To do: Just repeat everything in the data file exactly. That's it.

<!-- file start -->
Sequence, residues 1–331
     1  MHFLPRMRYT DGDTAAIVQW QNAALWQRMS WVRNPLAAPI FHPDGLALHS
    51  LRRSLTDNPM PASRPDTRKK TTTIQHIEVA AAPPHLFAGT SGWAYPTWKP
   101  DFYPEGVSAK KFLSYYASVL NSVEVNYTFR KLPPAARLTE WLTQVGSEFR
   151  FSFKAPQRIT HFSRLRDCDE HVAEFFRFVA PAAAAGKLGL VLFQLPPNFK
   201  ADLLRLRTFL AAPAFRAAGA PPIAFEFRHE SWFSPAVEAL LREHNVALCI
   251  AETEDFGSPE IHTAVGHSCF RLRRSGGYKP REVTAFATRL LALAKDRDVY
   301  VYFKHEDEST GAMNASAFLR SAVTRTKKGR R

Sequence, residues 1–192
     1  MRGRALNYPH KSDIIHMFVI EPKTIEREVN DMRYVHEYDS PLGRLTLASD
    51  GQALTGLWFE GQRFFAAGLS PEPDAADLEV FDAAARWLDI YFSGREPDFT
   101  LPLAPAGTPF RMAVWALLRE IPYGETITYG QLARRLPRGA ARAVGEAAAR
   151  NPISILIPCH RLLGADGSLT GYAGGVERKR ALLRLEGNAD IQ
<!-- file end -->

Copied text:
Sequence, residues 1–331
     1  MHFLPRMRYT DGDTAAIVQW QNAALWQRMS WVRNPLAAPI FHPDGLALHS
    51  LRRSLTDNPM PASRPDTRKK TTTIQHIEVA AAPPHLFAGT SGWAYPTWKP
   101  DFYPEGVSAK KFLSYYASVL NSVEVNYTFR KLPPAARLTE WLTQVGSEFR
   151  FSFKAPQRIT HFSRLRDCDE HVAEFFRFVA PAAAAGKLGL VLFQLPPNFK
   201  ADLLRLRTFL AAPAFRAAGA PPIAFEFRHE SWFSPAVEAL LREHNVALCI
   251  AETEDFGSPE IHTAVGHSCF RLRRSGGYKP REVTAFATRL LALAKDRDVY
   301  VYFKHEDEST GAMNASAFLR SAVTRTKKGR R

Sequence, residues 1–192
     1  MRGRALNYPH KSDIIHMFVI EPKTIEREVN DMRYVHEYDS PLGRLTLASD
    51  GQALTGLWFE GQRFFAAGLS PEPDAADLEV FDAAARWLDI YFSGREPDFT
   101  LPLAPAGTPF RMAVWALLRE IPYGETITYG QLARRLPRGA ARAVGEAAAR
   151  NPISILIPCH RLLGADGSLT GYAGGVERKR ALLRLEGNAD IQ